Auditing Procedure Cancellation on the Trauma list at a London Teaching Hospital - Srdjan Saso 1/9/2008


Srdjan Saso, Zaid Shalchi, Haris Naseem, Anja Saso, Henry Dushan Edward Atkinson

Department of Trauma and Orthopaedics, Northwick Park Hospital

 

Background: The cancellation of patients booked on hospital trauma lists is unfortunately a common everyday phenomenon within any surgical unit. The reasons are often multifactorial, but ultimately these delays cause an increase in patient mortality and morbidity. In addition the actual act of cancelling a patient is often stressful to the hospital staff, the junior doctor who has to do the ‘cancelling’, the ward sister who is regulating necessary bed shortages and the consultant who has to then juggle their weekly operating lists (1). The doctor-patient relationship is also eroded. We audited the cancellation practise at Northwick Park Hospital to see whether things could be improved

 

 

Method: We prospectively reviewed a one month period (June 2008) and identified the cancelled trauma list operations on all 4 consultant trauma lists. The variables analysed included: patient name, hospital number, date of birth, consultant name, procedure date and description, the cancelled procedure, and reasons for cancellation.

 

 

Results: 168 procedures were scheduled during the month of June 2008. Of those 30% had been cancelled. 50% of the cancellations occurred at the beginning of the week, Monday and Tuesday. The two most common cancelled procedures were open reduction and internal fixation (ORIF) of fractures (13/50) and hemiarthroplasty for hip fractures (8/50). Other cancelled procedures (in order of frequency) were manipulation and K-wiring of wrist fractures, dynamic hip screw (DHS) for hip fractures, wound washouts and intramedullary (IM) nail insertion. The reasons for cancellation were variable, and remained unexplained in around half the cases.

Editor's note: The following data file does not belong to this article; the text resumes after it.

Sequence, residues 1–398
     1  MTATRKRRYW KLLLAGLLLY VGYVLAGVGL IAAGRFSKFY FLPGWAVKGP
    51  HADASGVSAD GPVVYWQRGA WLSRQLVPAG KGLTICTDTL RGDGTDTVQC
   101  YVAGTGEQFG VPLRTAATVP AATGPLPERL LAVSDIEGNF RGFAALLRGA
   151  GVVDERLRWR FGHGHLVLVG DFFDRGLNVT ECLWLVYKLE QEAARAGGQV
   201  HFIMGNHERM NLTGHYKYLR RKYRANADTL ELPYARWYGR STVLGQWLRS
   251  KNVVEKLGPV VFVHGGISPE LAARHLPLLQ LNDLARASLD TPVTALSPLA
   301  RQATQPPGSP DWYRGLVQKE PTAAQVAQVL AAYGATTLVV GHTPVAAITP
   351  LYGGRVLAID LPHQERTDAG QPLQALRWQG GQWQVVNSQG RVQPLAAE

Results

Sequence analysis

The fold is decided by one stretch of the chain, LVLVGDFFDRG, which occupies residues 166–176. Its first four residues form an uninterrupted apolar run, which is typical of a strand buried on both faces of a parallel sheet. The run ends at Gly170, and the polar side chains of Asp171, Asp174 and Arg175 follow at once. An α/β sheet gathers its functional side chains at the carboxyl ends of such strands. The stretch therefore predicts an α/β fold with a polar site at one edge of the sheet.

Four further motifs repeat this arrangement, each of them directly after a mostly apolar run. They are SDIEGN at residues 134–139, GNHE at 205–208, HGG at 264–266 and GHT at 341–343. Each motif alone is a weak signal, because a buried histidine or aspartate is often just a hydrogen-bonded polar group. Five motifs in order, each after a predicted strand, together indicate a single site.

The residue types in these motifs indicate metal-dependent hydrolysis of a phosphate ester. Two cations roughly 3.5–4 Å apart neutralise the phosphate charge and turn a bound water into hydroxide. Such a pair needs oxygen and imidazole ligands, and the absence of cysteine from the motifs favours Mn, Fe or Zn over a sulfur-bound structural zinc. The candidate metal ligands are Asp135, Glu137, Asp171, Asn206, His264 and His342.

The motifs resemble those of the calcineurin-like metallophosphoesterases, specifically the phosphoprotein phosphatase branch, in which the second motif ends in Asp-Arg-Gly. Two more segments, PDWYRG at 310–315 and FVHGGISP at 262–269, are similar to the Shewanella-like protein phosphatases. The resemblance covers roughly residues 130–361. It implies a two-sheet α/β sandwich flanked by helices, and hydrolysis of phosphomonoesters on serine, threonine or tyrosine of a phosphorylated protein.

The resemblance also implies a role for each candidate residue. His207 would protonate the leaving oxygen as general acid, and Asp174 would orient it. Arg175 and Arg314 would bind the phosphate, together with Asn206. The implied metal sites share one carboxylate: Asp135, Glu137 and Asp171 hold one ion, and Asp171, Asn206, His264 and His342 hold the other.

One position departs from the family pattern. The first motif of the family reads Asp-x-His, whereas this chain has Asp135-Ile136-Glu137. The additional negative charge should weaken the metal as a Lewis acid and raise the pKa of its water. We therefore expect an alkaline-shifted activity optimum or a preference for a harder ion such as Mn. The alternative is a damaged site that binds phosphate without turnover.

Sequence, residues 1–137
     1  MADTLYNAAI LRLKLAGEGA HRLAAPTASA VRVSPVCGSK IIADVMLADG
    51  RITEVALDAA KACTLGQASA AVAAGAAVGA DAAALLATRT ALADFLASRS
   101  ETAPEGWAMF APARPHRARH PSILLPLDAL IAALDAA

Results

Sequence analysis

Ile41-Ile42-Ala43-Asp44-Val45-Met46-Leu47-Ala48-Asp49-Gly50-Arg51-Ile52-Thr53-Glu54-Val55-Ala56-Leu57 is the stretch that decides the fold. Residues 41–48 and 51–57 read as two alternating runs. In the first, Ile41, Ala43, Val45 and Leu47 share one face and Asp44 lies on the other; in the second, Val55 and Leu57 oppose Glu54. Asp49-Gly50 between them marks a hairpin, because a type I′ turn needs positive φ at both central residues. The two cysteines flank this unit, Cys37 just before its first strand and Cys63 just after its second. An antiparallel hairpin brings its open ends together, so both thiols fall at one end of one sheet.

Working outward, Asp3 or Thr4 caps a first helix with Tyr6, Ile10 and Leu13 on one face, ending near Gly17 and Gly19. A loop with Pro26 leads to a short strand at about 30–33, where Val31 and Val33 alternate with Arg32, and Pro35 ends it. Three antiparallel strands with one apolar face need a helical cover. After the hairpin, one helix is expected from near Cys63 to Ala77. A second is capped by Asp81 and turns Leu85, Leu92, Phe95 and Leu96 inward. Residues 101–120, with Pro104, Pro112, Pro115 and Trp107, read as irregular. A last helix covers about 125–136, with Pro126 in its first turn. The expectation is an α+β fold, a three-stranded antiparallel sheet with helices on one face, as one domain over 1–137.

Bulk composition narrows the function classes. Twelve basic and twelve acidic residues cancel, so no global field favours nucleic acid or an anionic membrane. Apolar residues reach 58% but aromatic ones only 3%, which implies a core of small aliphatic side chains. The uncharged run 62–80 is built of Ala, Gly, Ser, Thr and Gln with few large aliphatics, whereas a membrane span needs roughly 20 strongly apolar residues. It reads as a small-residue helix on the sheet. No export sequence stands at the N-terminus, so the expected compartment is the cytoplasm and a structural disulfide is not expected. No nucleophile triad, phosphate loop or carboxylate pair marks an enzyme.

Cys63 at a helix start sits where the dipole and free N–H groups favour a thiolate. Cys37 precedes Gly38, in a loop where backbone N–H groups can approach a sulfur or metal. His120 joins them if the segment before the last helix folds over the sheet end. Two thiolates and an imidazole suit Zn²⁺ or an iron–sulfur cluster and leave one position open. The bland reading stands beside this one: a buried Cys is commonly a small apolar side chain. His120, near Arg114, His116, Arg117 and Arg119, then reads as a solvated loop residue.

Reasons for cancellations

Ran out of theatre time – 30%

Surgery not required – 10%

Patient not fit for surgery – 8%

Patient did not attend (left hospital) – 2%

No reason given – 49%

 

Discussion: Around a third of all procedures on the trauma list were cancelled, with the majority occurring at the beginning of the week. There was no trauma list provision on Sundays, thus all the trauma patients admitted on Saturday and Sunday were put on the Monday trauma list. This caused the deluge early in the week and resulted in many procedure cancellations. This could be improved by creating Sunday trauma lists, or by possibly creating more operating theatre capacity on Mondays and Tuesdays.

 

Most of the trauma lists were unrealistic in terms of productivity. It appeared that all pending patients were listed for every trauma list, and thus with limited capacity cases would always have to be cancelled. 30% of cancellations were due to difficulty in fitting all the pending trauma patients onto each working list.   Patients should have be prioritised according to diagnosis, length of waiting time since admission and co-morbidities and should not have been placed on the trauma lists unless there was a reasonable chance of the procedure taking place on that day.

 

Patients were also listed without regard to the skill-levels of the operating surgeon, and thus some of the more complex cases were cancelled more frequently due to the non-availability of appropriately trained staff. There were similarly some cancellations due to non-availability of appropriate anaesthetic cover. Poor planning and unnecessary cancellations thus meant that patients had to wait longer for surgery and potentially suffered increased morbidity and mortality rates (2).

 

Finally, poor documentation meant that no reason was given for 49% of cancellations which makes it more difficult to give proper recommendations on how to improve practise.

 

Recommendations: Reasons for procedure cancellations should be clearly documented as this allows for easier analysis and re-auditing. Orthopaedic teams should be less ambitious when planning trauma lists, especially early in the week when cancellations are most likely to occur. Finally, not all procedures take the same lengths of time, and extra time should be given for the anticipated more complex procedures.

 

 

References:

 

1. Cancelled elective operations: an observational study from a district general hospital. Sanjay P., Dodds A et al.2007. J Health Organ Management. 21(1):54-8.

 

2. Mortality associated with delay in operation after hip fracture: observational study. Bottle A. Aylin P. 2006 BMJ: 332(7547):947-51.








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